Tag Archives: Keystone XL

Keystone XL Pipeline Protests: TransCanada Security Detains New York Times Reporter


Read this story from the Huffington Post on the ongoing protests in Texas against initial construction work on the Keystone XL Pipeline. This week, a reporter and photographer from the New York Times were allegedly detained while covering the protests by security staff for the pipeline builder with the help of law enforcement. (Oct. 11, 2012)

Ongoing resistance and confrontations over the construction of the Keystone XL pipeline have reportedly sparked the detainment of two journalists in Texas this week. The news comes on the heels of other clashes between environmental protesters, law enforcement and security workers.


Following allegations of aggressive tactics by Texas law enforcement and the arrests of actress Daryl Hannah and a 78-year-old landowner, reports have surfaced that a reporter working for the The New York Times and a photographer were detained by security officials representing the pipeline’s builder, Alberta-based energy company TransCanada.


Reporter Dan Frosch and photographer Brandon Thibodeaux were covering the pipeline protest from private property, with the landowner’s permission, according to FuelFix. They were detained by “a private security worker and a law enforcement official,” but subsequently released after identifying themselves as members of the press.


Times spokeswoman Eileen Murphy told the site, “They were released and told that they were risking arrest for trespassing if they stayed where they were, so they left the location.”


According to NPR’s StateImpact project, Murphy said, “We obviously don’t want to be in a position where our reporters are facing arrest.”


TransCanada is using easements to construct its oil sands pipeline through areas of private property in the central U.S. FuelFix reported, “TransCanada could not immediately be reached to answer questions about the incident, but in an email a spokesman implied that the journalists did not have the right to report where they were because they were on the company’s right of way for pipeline construction.”

Tar Sands Blockade, a coalition of landowners and climate activists opposing the pipeline, said in a statement:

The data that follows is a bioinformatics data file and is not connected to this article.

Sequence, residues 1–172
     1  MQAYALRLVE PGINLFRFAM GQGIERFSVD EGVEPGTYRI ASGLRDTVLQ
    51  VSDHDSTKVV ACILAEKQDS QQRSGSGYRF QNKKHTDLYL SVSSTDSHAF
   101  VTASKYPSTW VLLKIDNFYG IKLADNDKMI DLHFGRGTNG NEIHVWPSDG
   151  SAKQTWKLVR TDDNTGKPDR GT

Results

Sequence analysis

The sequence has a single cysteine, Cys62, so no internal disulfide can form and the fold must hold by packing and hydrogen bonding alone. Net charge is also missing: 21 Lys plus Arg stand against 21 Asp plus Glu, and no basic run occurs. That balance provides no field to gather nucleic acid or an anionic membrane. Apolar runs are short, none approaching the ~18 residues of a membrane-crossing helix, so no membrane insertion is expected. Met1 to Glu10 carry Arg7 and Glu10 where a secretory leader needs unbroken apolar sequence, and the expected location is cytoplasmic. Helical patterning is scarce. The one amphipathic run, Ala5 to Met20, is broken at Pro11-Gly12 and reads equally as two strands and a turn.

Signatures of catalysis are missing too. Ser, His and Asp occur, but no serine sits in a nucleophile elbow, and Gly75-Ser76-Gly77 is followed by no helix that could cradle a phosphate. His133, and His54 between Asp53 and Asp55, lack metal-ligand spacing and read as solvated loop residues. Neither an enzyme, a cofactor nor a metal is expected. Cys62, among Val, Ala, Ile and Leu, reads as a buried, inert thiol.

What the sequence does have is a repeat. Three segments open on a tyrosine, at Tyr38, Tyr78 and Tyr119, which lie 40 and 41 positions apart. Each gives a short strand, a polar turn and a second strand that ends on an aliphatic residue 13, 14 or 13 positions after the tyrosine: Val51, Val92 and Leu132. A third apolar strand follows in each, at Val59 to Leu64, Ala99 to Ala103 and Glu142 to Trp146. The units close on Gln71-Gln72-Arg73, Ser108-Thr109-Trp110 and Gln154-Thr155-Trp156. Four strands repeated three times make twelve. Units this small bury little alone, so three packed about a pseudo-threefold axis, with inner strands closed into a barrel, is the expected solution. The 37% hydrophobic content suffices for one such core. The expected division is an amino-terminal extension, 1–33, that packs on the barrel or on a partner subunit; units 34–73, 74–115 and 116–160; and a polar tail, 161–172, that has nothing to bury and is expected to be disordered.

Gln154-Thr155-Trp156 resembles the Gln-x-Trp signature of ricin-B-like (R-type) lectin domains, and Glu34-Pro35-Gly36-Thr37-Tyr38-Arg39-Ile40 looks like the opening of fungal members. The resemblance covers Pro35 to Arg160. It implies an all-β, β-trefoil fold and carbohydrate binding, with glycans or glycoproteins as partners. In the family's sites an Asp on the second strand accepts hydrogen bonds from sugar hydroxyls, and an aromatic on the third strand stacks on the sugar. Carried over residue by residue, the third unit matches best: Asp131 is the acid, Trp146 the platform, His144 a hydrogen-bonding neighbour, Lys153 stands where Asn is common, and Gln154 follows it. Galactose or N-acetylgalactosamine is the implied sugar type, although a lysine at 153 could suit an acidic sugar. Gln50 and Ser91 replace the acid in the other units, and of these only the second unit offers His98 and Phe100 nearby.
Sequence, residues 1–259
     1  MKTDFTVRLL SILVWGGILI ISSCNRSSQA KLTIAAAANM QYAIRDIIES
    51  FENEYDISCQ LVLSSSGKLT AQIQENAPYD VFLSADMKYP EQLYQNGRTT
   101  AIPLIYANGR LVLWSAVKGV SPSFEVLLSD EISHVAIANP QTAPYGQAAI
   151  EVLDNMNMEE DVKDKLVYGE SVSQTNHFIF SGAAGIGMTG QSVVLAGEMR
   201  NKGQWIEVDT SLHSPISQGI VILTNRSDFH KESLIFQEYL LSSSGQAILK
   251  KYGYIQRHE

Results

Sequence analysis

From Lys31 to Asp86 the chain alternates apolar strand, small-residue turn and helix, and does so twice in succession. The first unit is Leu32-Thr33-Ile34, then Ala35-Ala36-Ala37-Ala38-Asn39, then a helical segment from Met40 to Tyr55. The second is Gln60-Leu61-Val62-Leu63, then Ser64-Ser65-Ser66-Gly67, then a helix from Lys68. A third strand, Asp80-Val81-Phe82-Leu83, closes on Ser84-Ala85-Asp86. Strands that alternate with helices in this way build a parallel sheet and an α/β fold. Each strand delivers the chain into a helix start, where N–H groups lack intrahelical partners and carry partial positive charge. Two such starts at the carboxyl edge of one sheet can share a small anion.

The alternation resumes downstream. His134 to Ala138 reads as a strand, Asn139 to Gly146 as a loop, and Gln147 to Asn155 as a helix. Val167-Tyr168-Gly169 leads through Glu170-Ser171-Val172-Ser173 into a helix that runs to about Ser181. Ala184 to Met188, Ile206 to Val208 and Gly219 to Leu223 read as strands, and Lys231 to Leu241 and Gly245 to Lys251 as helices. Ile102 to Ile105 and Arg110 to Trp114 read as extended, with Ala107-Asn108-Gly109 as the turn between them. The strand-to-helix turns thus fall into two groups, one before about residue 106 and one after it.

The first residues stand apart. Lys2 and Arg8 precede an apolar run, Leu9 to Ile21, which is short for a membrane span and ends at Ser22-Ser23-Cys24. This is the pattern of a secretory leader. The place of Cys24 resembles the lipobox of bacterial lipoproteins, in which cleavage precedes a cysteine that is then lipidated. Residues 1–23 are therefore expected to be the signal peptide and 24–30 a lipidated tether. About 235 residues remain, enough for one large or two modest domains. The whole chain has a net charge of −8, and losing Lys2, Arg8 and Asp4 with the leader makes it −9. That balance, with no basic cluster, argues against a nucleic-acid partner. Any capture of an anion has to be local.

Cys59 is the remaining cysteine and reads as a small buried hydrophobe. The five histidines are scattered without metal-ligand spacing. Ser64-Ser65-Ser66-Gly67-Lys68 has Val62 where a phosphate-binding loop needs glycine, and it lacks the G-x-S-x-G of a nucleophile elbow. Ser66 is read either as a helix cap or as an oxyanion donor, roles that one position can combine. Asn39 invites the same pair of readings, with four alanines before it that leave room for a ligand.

These events mark the latest in a series in which journalists and the Constitutional ideal of a free press suffer the same disrespect and abuse that TransCanada has shown to families along the Keystone XL pipeline route for years. Reports have included open threats of arrest on private property, the confiscation of cameras and video equipment, and arrests of by-standers on public right of ways. All the while, questions linger regarding the legality of policing the Keystone XL pipeline easement in this way.

Read more: http://www.huffingtonpost.com/2012/10/11/keystone-xl-new-york-times_n_1959033.html


TransCanada Begins Building Keystone XL in Texas Over Protests


Read this story from the Los Angeles Times on Canaddian company TransCanada Pipelines’ preliminary construction on the controversial Keystone XL pipeline in Texas, amid strong opposition from local citizens and landowners. (Aug. 16, 2012)

The Canadian pipeline company TransCanada has quietly begun construction of the southern leg of the controversial Keystone XL pipeline, installing segments near Livingston, Texas, company officials confirmed Thursday.

“Construction started on Aug. 9. So we’ve now started construction in Texas,” TransCanada spokesman Shawn Howard told the Los Angeles Times.

The southern section of the pipeline received government approval in July.

The first in a series of protests also was launched Thursday as opponents of the pipeline, designed to eventually carry diluted bitumen from the tar sands of northern Canada to refineries on the Texas Gulf Coast, unfurled protest banners at two equipment staging yards in Texas and Oklahoma.

“We just wanted to demonstrate that although they might be ready to begin, we would be ready to meet them,” Ron Seifert, spokesman for Tar Sands Blockade, said in an interview.

He said citizens are prepared to stage sit-ins and other civil disobedience actions to halt the effort of “an international bully” to begin building a pipeline that has spurred widespread protests across the U.S.

TransCanada hopes to construct a pipeline from the Canadian border to Texas. But President Obama in January rejected the company’s application for an international permit to build the entire structure, saying it needed further study — particularly of any route through the sensitive Sandhills of Nebraska, which lie atop a massive agricultural aquifer.